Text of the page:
9. What one person owns this market entry—who is the “CEO” of that new market or business line?

Failures are too many to count, in our experience—and they always thought they would crush it. When we are called into fix a SaaS company, few if any answered the above bullet points. They tried to sneak into a new market, and they drank a wee too much of their own Kool-Aid.

You cannot sneak into a market. Ever. People just as smart as you are already in that market. Respect them, or they’ll crush you.


7. Lack of Real Differentiation

Not only are their tons of SaaS products out there—there are tons of substitutes and workarounds for what you think is so special.

Differentiation—or “positioning”—is a real thing. It is not the founder saying, “No one else is doing this.” Let’s be frank, your opinion while interesting is irrelevant.

All that matters in the end are people seeing the website, watching a demo, and getting you. They either get you or they don’t. So, what exactly is so special, so different? Having a patented feature or being really cool—well, once upon a time, MySpace was cool, AOL was cool. Today, no one cares.

Positioning is a time-honored process that product managers or experienced software executives have learned hands-on. It is not from a book you read and foist upon your staff. It is not your opinion or the co-founder’s opinion. A executive with EQ will know if and when they have moved into an operating role, twice-removed from direct customer knowledge. It is a process taking a few weeks or months, and it involves specific tasks and tests.

Seek a third-party expert. Do not fallin' love with your own cooking.


8. CLV and the nuts and bolts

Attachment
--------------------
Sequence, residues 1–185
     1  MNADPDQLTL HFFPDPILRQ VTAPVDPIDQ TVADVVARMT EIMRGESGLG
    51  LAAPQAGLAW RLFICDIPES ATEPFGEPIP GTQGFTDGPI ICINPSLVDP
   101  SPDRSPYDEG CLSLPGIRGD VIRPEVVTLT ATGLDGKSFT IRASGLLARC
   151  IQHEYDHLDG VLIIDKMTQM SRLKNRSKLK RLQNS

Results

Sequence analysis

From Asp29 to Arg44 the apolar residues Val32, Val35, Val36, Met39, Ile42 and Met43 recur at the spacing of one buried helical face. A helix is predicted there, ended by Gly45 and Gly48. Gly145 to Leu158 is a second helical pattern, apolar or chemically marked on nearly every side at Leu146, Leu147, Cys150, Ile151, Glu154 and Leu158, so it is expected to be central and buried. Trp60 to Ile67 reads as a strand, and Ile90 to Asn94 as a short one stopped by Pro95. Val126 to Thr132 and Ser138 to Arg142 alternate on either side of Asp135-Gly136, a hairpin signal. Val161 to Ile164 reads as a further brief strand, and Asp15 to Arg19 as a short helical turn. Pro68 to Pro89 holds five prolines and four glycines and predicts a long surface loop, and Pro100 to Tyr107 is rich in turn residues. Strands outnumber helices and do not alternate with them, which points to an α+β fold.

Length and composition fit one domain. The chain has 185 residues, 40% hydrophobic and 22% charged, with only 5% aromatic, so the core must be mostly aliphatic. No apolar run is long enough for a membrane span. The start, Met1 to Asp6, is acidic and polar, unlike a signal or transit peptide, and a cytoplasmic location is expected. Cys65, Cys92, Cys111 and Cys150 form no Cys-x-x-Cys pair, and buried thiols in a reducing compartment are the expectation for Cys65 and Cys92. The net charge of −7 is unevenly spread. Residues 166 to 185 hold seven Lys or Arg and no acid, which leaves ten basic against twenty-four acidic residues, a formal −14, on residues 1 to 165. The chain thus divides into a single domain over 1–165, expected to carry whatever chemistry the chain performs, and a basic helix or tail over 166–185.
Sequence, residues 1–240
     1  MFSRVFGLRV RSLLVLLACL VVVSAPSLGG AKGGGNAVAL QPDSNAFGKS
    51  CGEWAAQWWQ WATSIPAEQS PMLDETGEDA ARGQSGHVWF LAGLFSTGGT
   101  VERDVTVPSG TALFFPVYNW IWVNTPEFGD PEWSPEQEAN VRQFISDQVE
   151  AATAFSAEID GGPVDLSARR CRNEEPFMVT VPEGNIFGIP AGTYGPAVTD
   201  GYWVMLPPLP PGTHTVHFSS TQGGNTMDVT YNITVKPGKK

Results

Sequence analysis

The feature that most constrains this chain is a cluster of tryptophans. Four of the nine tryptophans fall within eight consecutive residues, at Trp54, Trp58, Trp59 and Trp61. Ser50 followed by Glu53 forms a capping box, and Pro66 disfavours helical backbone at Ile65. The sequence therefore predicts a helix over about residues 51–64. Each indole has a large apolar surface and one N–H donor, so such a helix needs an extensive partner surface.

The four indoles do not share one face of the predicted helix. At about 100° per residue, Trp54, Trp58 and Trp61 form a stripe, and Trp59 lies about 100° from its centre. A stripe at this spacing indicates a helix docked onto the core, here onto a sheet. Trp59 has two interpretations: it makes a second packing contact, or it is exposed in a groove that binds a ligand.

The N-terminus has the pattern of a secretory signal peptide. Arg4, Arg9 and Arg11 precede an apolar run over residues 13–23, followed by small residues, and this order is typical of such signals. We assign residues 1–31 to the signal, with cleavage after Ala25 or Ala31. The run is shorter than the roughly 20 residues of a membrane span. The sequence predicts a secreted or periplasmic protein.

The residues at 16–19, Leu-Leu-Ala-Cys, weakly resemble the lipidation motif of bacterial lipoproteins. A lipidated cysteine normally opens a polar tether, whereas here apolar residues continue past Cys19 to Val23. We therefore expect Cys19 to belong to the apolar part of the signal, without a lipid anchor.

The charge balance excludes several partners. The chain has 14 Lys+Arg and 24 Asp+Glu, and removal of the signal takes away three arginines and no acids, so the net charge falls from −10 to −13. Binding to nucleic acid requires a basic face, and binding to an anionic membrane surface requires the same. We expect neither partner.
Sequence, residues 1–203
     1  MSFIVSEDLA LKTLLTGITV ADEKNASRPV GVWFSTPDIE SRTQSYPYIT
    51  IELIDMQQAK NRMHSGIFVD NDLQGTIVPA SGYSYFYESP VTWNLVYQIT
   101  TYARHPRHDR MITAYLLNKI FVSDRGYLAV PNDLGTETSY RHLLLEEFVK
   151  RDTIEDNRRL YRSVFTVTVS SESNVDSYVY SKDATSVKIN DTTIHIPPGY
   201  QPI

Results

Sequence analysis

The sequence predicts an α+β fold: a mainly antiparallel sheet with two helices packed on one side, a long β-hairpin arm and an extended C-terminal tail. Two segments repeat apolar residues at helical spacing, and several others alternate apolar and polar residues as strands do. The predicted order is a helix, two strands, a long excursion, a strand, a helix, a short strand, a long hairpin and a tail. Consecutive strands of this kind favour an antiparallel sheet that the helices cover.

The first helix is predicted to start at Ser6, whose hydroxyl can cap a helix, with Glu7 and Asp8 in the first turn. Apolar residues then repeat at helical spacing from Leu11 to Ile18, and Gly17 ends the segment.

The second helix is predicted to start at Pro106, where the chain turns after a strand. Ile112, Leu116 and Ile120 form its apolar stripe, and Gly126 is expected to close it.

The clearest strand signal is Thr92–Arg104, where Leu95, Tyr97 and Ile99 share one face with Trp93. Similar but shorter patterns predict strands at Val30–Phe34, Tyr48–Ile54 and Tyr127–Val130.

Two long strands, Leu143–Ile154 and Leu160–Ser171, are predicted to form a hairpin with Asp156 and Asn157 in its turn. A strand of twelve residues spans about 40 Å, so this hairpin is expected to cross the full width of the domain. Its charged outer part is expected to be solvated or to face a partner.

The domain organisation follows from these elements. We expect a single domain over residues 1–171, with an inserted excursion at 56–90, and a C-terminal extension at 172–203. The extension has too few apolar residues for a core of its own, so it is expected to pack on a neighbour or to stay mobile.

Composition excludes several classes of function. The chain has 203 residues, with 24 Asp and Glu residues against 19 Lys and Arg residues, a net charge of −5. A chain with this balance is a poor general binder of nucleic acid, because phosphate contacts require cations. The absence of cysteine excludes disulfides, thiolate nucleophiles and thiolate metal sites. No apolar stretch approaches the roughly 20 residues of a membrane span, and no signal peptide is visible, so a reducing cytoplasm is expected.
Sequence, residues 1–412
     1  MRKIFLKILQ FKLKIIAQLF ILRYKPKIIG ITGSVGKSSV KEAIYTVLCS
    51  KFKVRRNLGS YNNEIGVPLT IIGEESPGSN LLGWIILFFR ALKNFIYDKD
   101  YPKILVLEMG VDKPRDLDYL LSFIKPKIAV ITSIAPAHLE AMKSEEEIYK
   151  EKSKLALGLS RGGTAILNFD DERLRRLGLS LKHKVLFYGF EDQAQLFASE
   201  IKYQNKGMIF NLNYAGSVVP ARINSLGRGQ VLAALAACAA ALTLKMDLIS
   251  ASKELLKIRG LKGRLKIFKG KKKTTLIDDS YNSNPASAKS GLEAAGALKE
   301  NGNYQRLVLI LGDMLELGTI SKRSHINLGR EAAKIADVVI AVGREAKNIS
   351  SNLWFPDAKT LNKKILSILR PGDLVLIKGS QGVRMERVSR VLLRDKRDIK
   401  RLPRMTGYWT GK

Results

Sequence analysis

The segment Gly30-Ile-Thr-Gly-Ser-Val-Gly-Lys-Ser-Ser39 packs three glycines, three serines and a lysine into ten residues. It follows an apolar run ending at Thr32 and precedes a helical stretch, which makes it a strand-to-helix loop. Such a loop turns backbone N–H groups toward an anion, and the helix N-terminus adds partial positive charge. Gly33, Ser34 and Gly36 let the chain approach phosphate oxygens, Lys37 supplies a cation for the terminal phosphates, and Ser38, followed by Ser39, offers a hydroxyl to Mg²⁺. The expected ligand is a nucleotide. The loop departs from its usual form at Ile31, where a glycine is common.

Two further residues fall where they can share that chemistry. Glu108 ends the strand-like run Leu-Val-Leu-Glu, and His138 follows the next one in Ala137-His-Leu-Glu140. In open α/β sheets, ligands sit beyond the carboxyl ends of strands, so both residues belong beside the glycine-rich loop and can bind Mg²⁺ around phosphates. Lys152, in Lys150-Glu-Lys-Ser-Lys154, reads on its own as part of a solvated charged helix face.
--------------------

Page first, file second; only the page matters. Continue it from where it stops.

When we first engage with clients, we do an audit of the marketing and sales that is very grueling and painful. The client quickly either loves us or hates us or both.

Part of that is sitting with management to look at their agreement (and disagreements) about the most important metrics or KPIs in SaaS.

Those include:

  • CLV
  • Churn
  • MQL to bookings ratio
  • SQL to booking ratio
  • Advertising cost of sale(ACOS)


There are a handful of others. We focus on these because, frankly, if you are telling yourselves the truth about how you derive those metrics, you’re well on your way to success.

If you have complex workarounds to report those numbers, that is a yellow flag.

If you do not track them monthly, or you take a long time to explain how they are calculated, reflect on that. When time comes for the sale or acquisition of your SaaS company, PE and strategic buyers are really smart—smart or smarter than any three of us put together.

If they sense any watering down or diluting of how you track those core SaaS business metrics—that’s a major yellow flag.

Keep it simple. Then, ensure you have methodologies marketing and sales to do:

  • Upselling: introduce customers to new services or add-on that increase CLV and stickiness.
  • Cross-selling: mature your partnerships and affiliates, so you create a community that wraps its arms around customers—and enables cross-selling that creates loyalty and conveys value.
  • Customer loyalty: offer rewards or discounts, or introduce gamifications that award badges, so customers feel like you care and notice they are part of your brand.


How to improve SaaS marketing

You spend a lot of sweat and likely pay a lot of employees to run and build your SaaS company. But sometimes, every patient owes themselves a second opinion.

We have never had a client regret the initial discovery conversation. We have never seen a client look at our audits and do not want to burn down the list of ideas and things to fix.

Consider getting an outsider’s opinion on your SaaS marketing and sales. Give us a shout at